Install and Configure Marathon for Mesos Cluster on Photon Hosts

In my previous post I described how to install and configure Mesos cluster on Photon hosts. In this post I am going to explain how to install and configure Marathon for Mesos cluster. I will use Photon OS. All following steps should be done on each Mesos master.

First of all download marathon:

root@pt-mesos-master1 [ ~ ]# mkdir -p  /opt/mesosphere/marathon/ && cd /opt/mesosphere/marathon/
root@pt-mesos-master1 [ /opt/mesosphere/marathon ]#  curl -O
root@pt-mesos-master1 [ /opt/mesosphere/marathon ]# tar -xf marathon-0.13.0.tgz
root@pt-mesos-master1 [ /opt/mesosphere/marathon ]# mv marathon-0.13.0 marathon

Create configuration for Marathon:

root@pt-mesos-master1 [ /opt/mesosphere/marathon ]# ls -l /etc/marathon/conf/
total 8
-rw-r--r-- 1 root root 68 Dec 24 14:33 master
-rw-r--r-- 1 root root 71 Dec 24 14:33 zk
root@pt-mesos-master1 [ /opt/mesosphere/marathon ]# cat /etc/marathon/conf/*
root@pt-mesos-master1 [ /opt/mesosphere/marathon ]# cat /etc/systemd/system/marathon.service
ExecStart=/opt/mesosphere/marathon/bin/start \
    --master zk://,, \
    --zk zk://,,
root@pt-mesos-master1 [ /opt/mesosphere/marathon ]#

Last thing we need to do is to change marathon startup script, since Photon hosts using not standard JRE. Make sure you add JAVA_HOME to java path:
root@pt-mesos-master1 [ /opt/mesosphere/marathon ]# tail -n3 /opt/mesosphere/marathon/bin/start
# Start Marathon
marathon_jar=$(find "$FRAMEWORK_HOME"/target -name 'marathon-assembly-*.jar' | sort | tail -1)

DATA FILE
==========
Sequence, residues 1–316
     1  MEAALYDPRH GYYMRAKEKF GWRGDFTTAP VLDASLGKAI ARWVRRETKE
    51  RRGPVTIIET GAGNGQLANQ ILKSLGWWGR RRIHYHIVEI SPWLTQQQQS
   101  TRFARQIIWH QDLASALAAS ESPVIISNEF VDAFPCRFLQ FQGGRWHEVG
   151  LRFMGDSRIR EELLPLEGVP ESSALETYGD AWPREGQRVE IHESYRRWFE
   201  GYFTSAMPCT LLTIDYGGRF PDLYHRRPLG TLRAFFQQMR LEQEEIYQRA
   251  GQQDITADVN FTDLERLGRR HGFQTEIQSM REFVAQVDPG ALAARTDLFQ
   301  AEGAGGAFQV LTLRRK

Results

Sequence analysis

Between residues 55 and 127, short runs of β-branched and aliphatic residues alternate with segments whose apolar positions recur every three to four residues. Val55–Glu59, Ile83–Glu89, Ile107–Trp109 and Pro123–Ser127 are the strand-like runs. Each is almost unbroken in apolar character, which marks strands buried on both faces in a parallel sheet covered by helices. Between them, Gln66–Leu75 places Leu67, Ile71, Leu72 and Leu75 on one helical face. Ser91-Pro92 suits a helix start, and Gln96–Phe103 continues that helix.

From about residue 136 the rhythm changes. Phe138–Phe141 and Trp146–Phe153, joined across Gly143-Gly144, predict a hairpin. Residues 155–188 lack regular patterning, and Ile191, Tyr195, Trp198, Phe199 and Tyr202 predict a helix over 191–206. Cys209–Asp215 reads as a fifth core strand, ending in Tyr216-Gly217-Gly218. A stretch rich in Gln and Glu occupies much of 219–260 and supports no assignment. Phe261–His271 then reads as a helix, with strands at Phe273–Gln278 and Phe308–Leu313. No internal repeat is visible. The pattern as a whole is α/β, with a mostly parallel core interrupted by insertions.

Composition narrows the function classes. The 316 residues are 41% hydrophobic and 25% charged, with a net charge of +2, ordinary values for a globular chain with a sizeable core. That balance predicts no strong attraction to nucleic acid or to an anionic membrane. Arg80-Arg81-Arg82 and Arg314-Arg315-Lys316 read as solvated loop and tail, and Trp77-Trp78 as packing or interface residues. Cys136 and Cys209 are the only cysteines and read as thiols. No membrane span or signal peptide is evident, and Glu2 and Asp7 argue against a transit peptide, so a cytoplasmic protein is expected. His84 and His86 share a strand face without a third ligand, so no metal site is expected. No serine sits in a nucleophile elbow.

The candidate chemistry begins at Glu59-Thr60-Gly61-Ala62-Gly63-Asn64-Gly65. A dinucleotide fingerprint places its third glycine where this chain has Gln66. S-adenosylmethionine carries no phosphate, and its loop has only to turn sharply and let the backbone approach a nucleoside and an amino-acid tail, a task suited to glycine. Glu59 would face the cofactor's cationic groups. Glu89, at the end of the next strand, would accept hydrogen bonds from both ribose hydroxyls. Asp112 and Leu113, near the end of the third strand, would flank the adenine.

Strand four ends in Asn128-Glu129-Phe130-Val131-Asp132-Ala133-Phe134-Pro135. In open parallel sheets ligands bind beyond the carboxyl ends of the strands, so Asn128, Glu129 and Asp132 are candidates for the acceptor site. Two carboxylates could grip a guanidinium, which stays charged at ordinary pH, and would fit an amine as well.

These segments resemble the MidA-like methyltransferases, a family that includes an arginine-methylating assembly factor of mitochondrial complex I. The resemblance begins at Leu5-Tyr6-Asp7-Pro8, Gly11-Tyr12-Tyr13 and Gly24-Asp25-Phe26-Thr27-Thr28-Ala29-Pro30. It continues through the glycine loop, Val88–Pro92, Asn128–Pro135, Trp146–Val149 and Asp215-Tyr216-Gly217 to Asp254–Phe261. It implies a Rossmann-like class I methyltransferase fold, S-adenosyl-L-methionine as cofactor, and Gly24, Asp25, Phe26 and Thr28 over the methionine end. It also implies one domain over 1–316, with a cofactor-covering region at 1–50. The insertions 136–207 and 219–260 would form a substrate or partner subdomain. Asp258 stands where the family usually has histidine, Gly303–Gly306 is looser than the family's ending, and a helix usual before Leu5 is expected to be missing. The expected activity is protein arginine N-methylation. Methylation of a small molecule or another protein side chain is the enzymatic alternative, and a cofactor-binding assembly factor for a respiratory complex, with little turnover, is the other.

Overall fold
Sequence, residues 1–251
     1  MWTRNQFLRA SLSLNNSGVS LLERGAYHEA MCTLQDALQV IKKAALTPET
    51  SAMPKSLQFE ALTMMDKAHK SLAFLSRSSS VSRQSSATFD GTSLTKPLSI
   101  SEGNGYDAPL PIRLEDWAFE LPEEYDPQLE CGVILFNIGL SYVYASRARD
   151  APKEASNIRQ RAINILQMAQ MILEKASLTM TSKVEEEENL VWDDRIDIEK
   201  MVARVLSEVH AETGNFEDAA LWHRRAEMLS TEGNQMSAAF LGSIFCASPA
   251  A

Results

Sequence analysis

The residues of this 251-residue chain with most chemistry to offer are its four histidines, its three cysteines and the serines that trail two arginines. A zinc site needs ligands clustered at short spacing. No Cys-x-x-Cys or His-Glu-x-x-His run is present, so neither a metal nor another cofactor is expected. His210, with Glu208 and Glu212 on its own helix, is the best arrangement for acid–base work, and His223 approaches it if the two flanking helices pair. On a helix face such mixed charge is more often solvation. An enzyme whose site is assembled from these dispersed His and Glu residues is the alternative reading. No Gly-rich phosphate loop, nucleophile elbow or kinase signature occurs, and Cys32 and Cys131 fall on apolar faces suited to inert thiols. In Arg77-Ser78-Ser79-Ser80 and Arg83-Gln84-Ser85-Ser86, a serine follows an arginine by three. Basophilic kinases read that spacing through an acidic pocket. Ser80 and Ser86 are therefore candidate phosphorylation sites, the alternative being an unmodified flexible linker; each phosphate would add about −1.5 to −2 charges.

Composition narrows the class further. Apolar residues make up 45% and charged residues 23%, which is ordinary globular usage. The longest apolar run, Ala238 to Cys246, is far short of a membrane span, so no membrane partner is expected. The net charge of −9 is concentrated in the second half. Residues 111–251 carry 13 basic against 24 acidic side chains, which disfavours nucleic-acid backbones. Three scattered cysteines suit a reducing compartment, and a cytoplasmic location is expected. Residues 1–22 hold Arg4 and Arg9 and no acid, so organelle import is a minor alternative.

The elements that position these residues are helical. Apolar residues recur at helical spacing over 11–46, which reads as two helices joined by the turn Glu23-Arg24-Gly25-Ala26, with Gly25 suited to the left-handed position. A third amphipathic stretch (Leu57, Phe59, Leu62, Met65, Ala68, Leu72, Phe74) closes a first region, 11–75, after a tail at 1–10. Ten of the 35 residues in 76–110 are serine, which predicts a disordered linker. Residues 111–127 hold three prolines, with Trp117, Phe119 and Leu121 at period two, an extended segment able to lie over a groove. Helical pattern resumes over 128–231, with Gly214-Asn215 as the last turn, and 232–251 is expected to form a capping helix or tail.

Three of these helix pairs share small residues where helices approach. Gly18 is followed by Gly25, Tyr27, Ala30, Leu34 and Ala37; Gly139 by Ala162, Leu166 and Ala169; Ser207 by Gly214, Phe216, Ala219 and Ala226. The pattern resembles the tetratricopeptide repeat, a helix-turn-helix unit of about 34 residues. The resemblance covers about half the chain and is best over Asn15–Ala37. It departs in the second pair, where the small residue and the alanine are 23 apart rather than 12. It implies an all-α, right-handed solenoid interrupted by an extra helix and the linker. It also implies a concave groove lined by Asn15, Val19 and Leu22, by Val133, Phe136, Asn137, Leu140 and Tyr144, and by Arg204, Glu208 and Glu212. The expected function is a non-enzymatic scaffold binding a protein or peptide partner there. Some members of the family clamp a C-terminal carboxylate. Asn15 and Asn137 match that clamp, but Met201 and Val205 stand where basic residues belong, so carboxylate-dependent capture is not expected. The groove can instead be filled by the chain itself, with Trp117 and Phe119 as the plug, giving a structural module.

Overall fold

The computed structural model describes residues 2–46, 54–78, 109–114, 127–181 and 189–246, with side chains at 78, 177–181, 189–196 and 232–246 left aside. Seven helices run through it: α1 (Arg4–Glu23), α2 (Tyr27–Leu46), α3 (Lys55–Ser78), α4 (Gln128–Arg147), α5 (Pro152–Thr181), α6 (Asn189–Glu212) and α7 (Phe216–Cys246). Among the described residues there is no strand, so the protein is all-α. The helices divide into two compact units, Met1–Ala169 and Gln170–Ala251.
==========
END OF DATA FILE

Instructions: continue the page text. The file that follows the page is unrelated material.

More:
exec "${JAVA_HOME}/bin/java" "${java_args[@]}" -jar "$marathon_jar" "${app_args[@]}"
root@pt-mesos-master1 [ /opt/mesosphere/marathon ]#

Now we can start Marathon service:

root@pt-mesos-master1 [ /opt/mesosphere/marathon ]# systemctl start marathon
root@pt-mesos-master1 [ /opt/mesosphere/marathon ]# ps -ef | grep marathon
root     15821     1 99 17:14 ?        00:00:08 /opt/OpenJDK- -jar /opt/mesosphere/marathon/bin/../target/scala-2.11/marathon-assembly-0.13.0.jar --master zk://,, --zk 
root     15854 14692  0 17:14 pts/0    00:00:00 grep --color=auto marathon
root@pt-mesos-master1 [ /opt/mesosphere/marathon ]#

Installing DCOS CLI for Mesos

To install the DCOS CLI:

Install virtualenv. The Python tool virtualenv is used to manage the DCOS CLI’s environment.

$ sudo pip install virtualenv

Tip: On some older Python versions, ignore any ‘Insecure Platform’ warnings. For more information, see

From the command line, create a new directory named dcos and navigate into it.

$ mkdir dcos
$ cd dcos
$ curl -O

Run the DCOS CLI install script, where <hosturl> is the hostname of your master node prefixed with http://:

$ bash <install_dir> <mesos-master-host>

For example, if the hostname of your mesos master node is

$ bash .

Follow the on-screen DCOS CLI instructions and enter the Mesosphere verification code. You can ignore any Python ‘Insecure Platform’ warnings.

Confirm whether you want to add DCOS to your system PATH:

$ Modify your bash profile to add DCOS to your PATH? [yes/no]

Since DCOS CLI is used for DCOS cluster, need to reconfigure Marathon and Mesos masters urls with the following commands:

dcos config set core.mesos_master_url http://<mesos-master-host>:5050
dcos config set marathon.url http://<marathon-host>:8080

Configure NTP Client and Server Centos

Configure NTP Client and Server Centos

Install NTP

The ntp package is same for client and server. This package will synchronize your server’s time via NTP protocol. In my example server’s address is and client’s address is

# yum -y install ntp


Configure NTP server

Make sure the following lines exists in /etc/ntp.conf. Stratum is used to synchronize the time with the server based on distance.

furge stratum 10